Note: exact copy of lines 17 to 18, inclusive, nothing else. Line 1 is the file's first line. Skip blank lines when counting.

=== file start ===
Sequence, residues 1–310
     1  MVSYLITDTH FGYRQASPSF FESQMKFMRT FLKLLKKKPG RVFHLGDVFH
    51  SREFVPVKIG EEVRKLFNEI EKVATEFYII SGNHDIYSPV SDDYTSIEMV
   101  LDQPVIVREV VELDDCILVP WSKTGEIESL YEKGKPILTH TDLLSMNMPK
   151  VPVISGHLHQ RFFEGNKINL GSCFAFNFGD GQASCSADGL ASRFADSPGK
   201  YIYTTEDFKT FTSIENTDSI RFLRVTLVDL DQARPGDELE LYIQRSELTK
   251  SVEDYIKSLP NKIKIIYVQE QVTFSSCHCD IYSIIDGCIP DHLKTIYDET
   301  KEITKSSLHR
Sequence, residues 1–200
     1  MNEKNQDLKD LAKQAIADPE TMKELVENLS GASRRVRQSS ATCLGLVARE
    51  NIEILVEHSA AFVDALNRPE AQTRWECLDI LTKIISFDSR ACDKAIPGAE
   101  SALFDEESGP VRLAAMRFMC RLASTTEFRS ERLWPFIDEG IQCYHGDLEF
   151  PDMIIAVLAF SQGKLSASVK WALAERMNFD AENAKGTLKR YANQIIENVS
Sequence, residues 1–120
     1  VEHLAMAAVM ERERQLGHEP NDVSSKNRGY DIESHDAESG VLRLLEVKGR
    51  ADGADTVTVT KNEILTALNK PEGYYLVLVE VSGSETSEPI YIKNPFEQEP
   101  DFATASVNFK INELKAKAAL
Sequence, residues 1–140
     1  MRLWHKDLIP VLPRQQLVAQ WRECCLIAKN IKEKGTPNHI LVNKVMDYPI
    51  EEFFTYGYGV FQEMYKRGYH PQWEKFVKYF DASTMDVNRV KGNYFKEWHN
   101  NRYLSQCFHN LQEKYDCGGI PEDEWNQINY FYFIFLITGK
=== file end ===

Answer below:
   101  DFATASVNFK INELKAKAAL
Sequence, residues 1–140